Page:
This study was undertaken as part of a larger study investigating the relationship between STHs and malaria in preschool children. Our objectives were to describe the prevalence and intensity of STH infection and to investigate the effectiveness of repeated four-monthly albendazole treatments on STH infection in children aged one to four years.
Study area and participants
The study was carried out between May 16, 2006, and August 22, 2007, in four semi-urban villages, Akinlalu, Ipetumodu, Moro and Edunabon, situated near Ile-Ife, Osun State, Nigeria. The climate is characterised by a high uniform temperature, moderate to heavy seasonal rainfall, and high relative humidity. The dry season extends from November to March while the rainy season occurs from April to October . Annual rainfall in the region ranges from 1000 to 4000 mm . The average maximum and minimum daily temperatures are 32°C and 20°C respectively and the vegetation is rainforest.
The inhabitants of these communities are a mixture of people from different ethnic groups, although the majority are Yoruba-speaking. Houses in the villages are predominately built of concrete floors and walls and roofed with corrugated galvanised iron sheets. There is no organised sewage disposal system and refuse and human faeces are dumped in the bush or burned. The main source of water is from shared community taps and/or wells located in each village. Health care is provided in health centers located in each village, these are inadequately equipped and lack essential supplies and qualified staff. STHs are endemic in this region [9, 18].
Meetings were held with the Obas (traditional head of a Yoruba village), Ife North Local Government and inhabitants of the village in May 2006 to explain the aims of the study. The Obas made a call for children aged 12–60 months to attend temporary clinics for assessments on specified dates. The assessments took place in the town hall at the Oba's palace, which was located at the centre of each village. Participation in the study was voluntary. The study was explained to each mother on the day of the assessment and they were asked to sign or finger print the consent form to enroll their child. The consent forms were provided in English and Yoruba. Each child was given an identification card with an ID number and was requested to present this card on all subsequent visits. Mothers were interviewed using a questionnaire by a trained fieldworker who collected data on age and gender of the child and socio-economic status. The study protocol was approved by the Ethics and Research Committee, Obafemi Awolowo University Teaching Hospitals' Complex, Ile-Ife, Nigeria.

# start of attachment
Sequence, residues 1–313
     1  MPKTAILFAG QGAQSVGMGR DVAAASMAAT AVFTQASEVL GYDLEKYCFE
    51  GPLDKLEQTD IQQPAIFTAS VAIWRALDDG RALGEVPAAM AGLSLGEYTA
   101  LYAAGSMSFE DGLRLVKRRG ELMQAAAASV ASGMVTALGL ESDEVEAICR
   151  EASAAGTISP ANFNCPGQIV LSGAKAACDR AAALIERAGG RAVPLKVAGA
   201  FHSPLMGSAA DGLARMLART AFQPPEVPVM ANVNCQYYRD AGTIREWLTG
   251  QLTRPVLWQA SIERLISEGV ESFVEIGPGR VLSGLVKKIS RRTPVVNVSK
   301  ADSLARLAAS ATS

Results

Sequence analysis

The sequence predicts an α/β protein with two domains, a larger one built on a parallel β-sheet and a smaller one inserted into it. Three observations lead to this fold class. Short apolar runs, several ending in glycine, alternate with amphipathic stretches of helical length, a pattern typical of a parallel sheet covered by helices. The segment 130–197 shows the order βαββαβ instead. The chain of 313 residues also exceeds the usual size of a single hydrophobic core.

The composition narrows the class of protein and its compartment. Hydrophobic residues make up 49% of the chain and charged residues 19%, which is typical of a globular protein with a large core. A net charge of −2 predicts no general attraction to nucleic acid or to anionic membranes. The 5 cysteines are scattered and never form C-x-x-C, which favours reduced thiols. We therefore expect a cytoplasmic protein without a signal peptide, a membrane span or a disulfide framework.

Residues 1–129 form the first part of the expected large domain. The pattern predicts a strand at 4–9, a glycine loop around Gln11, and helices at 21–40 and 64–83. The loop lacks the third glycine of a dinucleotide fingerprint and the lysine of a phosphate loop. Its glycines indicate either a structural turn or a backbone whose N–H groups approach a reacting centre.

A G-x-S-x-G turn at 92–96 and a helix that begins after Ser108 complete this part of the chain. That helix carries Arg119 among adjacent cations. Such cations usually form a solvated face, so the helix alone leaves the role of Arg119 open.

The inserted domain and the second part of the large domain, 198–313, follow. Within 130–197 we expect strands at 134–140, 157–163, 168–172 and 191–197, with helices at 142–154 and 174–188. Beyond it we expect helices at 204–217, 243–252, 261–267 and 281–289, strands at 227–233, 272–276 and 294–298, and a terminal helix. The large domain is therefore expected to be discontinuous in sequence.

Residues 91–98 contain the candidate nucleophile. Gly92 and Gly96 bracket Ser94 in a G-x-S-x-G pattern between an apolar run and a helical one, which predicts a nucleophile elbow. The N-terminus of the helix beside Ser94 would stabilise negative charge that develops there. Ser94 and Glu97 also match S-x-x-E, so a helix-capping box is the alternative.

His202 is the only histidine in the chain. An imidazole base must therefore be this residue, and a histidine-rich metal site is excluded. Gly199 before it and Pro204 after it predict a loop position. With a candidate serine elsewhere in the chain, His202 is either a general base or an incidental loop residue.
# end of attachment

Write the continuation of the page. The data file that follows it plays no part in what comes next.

The study was a double-blind placebo-controlled randomised trial. Children aged 12–59 months were randomly assigned to receive either albendazole or placebo every four months for 12 months with a follow-up at 14 months. Albendazole and placebo tablets were identical and manufactured by GlaxoSmithKline. All eligible children received either treatment or placebo tablets on four occasions. Children were directly supervised to ensure that they took their tablet(s). Children aged one year received 200 mg of albendazole (1 tablet) and children aged ≥ 2 years received 400 mg (2 tablets) of albendazole . Mothers were asked to inform the fieldworkers if their children had any adverse reactions to the anthelminthic drugs. Children in the placebo group were treated with albendazole at the end of the study. This trial is reported in accordance with the CONSORT guide-lines for randomised studies .
Prior to commencing the trial SOA placed the albendazole and placebo tablets in containers labelled either A or B. The treatment coordinator, SFM, oversaw the allocation of treatments to the children. During the first assessment each alternate child was assigned tablet B on returning a stool sample. Experienced physicians (TCA and Dr. OK Onabajo) enrolled all participants, measured all study endpoints, and were kept masked to treatment allocation of children. Field workers involved in data collection and mothers of participating children were also masked to the treatment allocation.
The primary outcome was prevalence and intensity of STHs. Children were screened for STHs at 0, 4, 8, 12, and 14 months. Stool samples were obtained before treatment was provided and stools were processed by formol-ether concentration . STH infection was defined by the presence of eggs of A. lumbricoides, T. trichiura, hookworm or Schistosoma haematobium in the stool sample. An indirect measure of helminth intensity was obtained by counting eggs per gram of faeces (epg). Helminth intensity was categorised into light and moderate infections . To maintain consistency all stool samples were examined by PK.
All children received 10 ml of multivitamins (over two days) as an incentive at each time point. Each 5 ml of multivitamin contained: Vitamin A 3000 IU, Vitamin B2 2.0 mg, Nicotinamide 15.0 mg, Vitamin B1 1.5 mg, Vitamin B6 2.0 mg, Vitamin D2 400 IU, D panthenol 1.0 mg.